Still, the mutation's link to the disturbed connectivity and working memory deficit eluded detection until now.
To explore the mutation's effects on brain circuitry, Gogos, Karayiorgou and colleagues engineered a line of mice expressing the same missing segment of genetic material as the patients. Strikingly, like their human counterparts with schizophrenia, these animals turned out to have difficulty with working memory tasks holding information in mind from moment to moment.
Successful performance of such tasks depends on good connections in a circuit linking the prefrontal cortex and the hippocampus. To measure such functional connections, Gordon and colleagues monitored signals emitted by single neurons implanted in the two distant brain structures while mice performed a working memory task in a T-maze (see below).
The more in-sync the neurons from the two areas fired, the better the functional connections between the two structures and the better the mice performed the task. Moreover, the better the synchrony to start with, the quicker the animals learned the task. The more synchrony improved, the better they performed.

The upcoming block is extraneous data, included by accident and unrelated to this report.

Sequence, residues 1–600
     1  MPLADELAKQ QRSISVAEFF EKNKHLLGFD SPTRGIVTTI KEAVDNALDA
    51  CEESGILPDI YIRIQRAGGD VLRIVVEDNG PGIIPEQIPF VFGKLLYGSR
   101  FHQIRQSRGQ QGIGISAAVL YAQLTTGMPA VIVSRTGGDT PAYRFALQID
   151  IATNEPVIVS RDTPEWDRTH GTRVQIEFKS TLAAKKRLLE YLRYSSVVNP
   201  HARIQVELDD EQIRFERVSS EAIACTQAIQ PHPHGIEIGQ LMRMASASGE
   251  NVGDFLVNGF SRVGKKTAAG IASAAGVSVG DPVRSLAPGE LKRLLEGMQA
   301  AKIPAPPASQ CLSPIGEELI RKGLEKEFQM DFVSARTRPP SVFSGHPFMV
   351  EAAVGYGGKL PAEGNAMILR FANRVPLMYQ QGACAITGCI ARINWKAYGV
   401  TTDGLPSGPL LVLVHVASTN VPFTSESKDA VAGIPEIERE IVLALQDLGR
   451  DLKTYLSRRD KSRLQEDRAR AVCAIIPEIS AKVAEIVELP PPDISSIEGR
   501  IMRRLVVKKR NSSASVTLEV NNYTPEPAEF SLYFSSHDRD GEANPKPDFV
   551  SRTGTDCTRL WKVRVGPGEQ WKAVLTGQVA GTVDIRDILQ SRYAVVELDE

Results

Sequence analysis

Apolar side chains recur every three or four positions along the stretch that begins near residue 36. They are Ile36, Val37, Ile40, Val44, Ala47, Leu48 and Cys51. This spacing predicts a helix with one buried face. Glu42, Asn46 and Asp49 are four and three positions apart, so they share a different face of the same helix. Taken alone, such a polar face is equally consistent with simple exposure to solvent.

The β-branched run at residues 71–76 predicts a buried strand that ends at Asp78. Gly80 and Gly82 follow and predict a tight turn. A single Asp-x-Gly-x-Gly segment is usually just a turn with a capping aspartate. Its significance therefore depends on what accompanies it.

As suspected, the mice with the chromosome 22 mutation faltered on all counts -- showing much worse synchrony, learning and performance levels than control mice.
"Our results extend beyond those in patients by showing how an undeniable genetic risk factor for schizophrenia can disrupt connectivity at the level of single neurons," explained Gordon.
The researchers plan to follow up with studies into how the mutation affects brain anatomical and molecular connections and the workings of affected genes.
|Contact: Jules Asher|
NIH/National Institute of Mental Health